"(a) Provide a notarized certification that each of the firms performing the removal, fabrication, restoration and reinstallation, and painting of existing windows and the manufacture, installation and painting of new sash have each successfully completed at least three prior historic preservation projects of similar size and complexity within the last five years to the restoration of the exterior facade of the South Building - Agriculture with at least one project having a minimum of 500 windows."

We fail to see Brevco's confusion with this requirement. The complexity of the project is contained in the specifications (replacement of the windows) and the size is defined for at least 1 of the 3 projects as 500 windows. Moreover, no exact requirement need be stated as this was not a technical evaluation factor but a matter regarding a firm's responsibility.

Next, Brevco objects to the requirement that photographs of prior projects were to be submitted because the IFB did not contain any criteria under which the photographs would be evaluated. The IFB required:

"... 2 color photographs (may be polaroid); 1 taken at a maximum of ten feet away from the window which is of similar size and complexity to the Agriculture South Building windows and 1 taken to show the overall effect of the new window work, showing several windows which are of similar size and complexity to the Agriculture South windows, showing how variations in opening sizes, plumbness, etc., have been dealt with."

We find the clause clearly states that the photographs will be used to determine how variations in opening size and plumbness, a problem in historic buildings due to settling over the years, have been solved by the bidder in prior projects.

The IFB also required that certain resumes be submitted. In section L, it was required that resumes be submitted for five technicians that would be employed on the contract, listing three projects that the technicians worked on. The resume forms included in the IFB also listed five trades or specialties that the contractor had to have experienced technicians for and noted that more than one specialty could be circled for a technician if that individual would be performing more than one function but all specialties had to be addressed.

Brevco states this should have been clarified as to whether a resume was needed for five technicians or whether a resume was needed for a technician in each specialty category and whether a resume was needed for one technician in each of the five categories.

We believe the IFB adequately described what was required in the resumes. A total of at least five resumes on individual technicians were required and the five trades or specialties had to be addressed. One technician could be qualified in more than one trade. We find it clear that what the contracting officer was attempting to ascertain was whether the contractor had five qualified technicians, who among them covered the five specialties.

Brevco also protests that it was confused about when certain information, including the list of prior experience, resumes and photographs, was required to be submitted, either with the bid or upon request of the contracting officer. Brevco's confusion allegedly stems from the fact that the Table of Contents of the IFB listed these items under "Forms to be Completed by Bidders." However, as the agency points out, the listing in the Table of Contents was merely to alert bidders to what was in the bid package so that all bidders would have the forms to complete if requested by the contracting officer. Section L of the IFB, in the paragraph preceding these requirements, clearly states that the information shall be submitted upon request of the contracting officer.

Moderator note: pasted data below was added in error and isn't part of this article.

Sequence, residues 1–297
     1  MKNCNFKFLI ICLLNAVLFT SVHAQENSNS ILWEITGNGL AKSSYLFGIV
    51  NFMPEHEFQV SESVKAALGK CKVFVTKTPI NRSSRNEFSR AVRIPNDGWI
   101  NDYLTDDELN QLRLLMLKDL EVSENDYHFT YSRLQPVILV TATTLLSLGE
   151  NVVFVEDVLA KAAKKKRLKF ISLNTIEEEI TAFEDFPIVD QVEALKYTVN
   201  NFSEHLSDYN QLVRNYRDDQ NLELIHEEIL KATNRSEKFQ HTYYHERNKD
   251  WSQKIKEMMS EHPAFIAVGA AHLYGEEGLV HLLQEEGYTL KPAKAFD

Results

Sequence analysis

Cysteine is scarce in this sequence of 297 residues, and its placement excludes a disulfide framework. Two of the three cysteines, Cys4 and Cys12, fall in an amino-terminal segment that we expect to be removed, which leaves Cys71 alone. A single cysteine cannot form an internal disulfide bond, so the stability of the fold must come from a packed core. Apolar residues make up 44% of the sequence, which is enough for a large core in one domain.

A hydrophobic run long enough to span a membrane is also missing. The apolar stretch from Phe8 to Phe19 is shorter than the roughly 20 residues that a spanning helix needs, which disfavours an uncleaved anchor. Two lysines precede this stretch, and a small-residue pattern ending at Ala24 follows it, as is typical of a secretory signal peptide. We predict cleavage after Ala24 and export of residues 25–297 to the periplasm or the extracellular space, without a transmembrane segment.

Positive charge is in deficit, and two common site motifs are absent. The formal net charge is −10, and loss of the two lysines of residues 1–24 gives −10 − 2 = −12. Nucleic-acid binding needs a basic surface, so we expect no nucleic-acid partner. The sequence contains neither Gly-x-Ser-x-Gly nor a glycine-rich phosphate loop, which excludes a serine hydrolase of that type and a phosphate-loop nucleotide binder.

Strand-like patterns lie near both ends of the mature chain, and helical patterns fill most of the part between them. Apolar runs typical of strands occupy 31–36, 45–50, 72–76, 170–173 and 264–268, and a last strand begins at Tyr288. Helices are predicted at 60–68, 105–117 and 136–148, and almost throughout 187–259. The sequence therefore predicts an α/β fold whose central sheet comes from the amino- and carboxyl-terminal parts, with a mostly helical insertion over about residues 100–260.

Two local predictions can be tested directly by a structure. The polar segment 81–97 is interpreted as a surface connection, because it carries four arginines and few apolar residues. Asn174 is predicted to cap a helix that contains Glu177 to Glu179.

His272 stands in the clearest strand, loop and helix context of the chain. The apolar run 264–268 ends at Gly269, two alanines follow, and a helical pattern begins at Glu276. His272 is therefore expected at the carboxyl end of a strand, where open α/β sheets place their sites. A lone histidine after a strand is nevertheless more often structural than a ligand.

Finally, the protester contends that the experience requirements of five projects of similar size and complexity which were completed while the buildings were occupied is unduly restrictive of competition.

When a protester alleges that specifications unduly restrict competition, the procuring agency bears the burden of presenting prima facie support for its position that the restrictions are necessary to meet its actual minimum needs. Kastle Systems, Inc., B-231990, Oct. 31, 1988, 88-2 CPD Para. ***. The determination of the government's minimum needs, the best methods of accommodating them and the technical judgments upon which those determinations are based are primarily the responsibility of the contracting officials, who are most familiar with the conditions under which the supplies and services are to be used. M. C. D. Capital Corp., B-225830, July 10, 1987, 87-2 CPD Para. 32. Consequently, once the agency establishes support for the challenged specifications, the burden shifts to the protester to show that the specifications in dispute are clearly unreasonable. Chicago City-Wide College, B-228593.4, Aug. 26, 1988, 88-2 CPD Para. 183.

An agency can specify background qualifications provided those requirements are necessary to meet its minimum needs. J & J Maintenance, Inc., B-214209, Nov. 2, 1984, 84-2 CPD Para. 488. In response to Brevco's protest, Agriculture says that only experience in occupied buildings meeting the agency standard of five projects of similar size and complexity can be used because the solicitation is for restoration of windows, which work is to be performed both inside and outside an occupied building on historic property. The agency argues that the contractor qualified for the restoration must be capable of performing the work so as not to interfere with the government's operations.

We do not believe that Brevco has shown Agriculture's experience requirements to be unreasonable. The protester does not suggest any type of competency that would meet this requirement. Rather, the protester says that other types of criteria could be used to compensate for differences in experience working inside occupied buildings performing tasks required. In support of its position, Brevco has not submitted any evidence which tends to show how proof of qualifications of lesser experience than that in the existing solicitation could be equivalent. have no reason to question the judgment of agency contracting personnel that such a requirement is essential to the compatible restoration of windows within the existing building.

The protest is denied.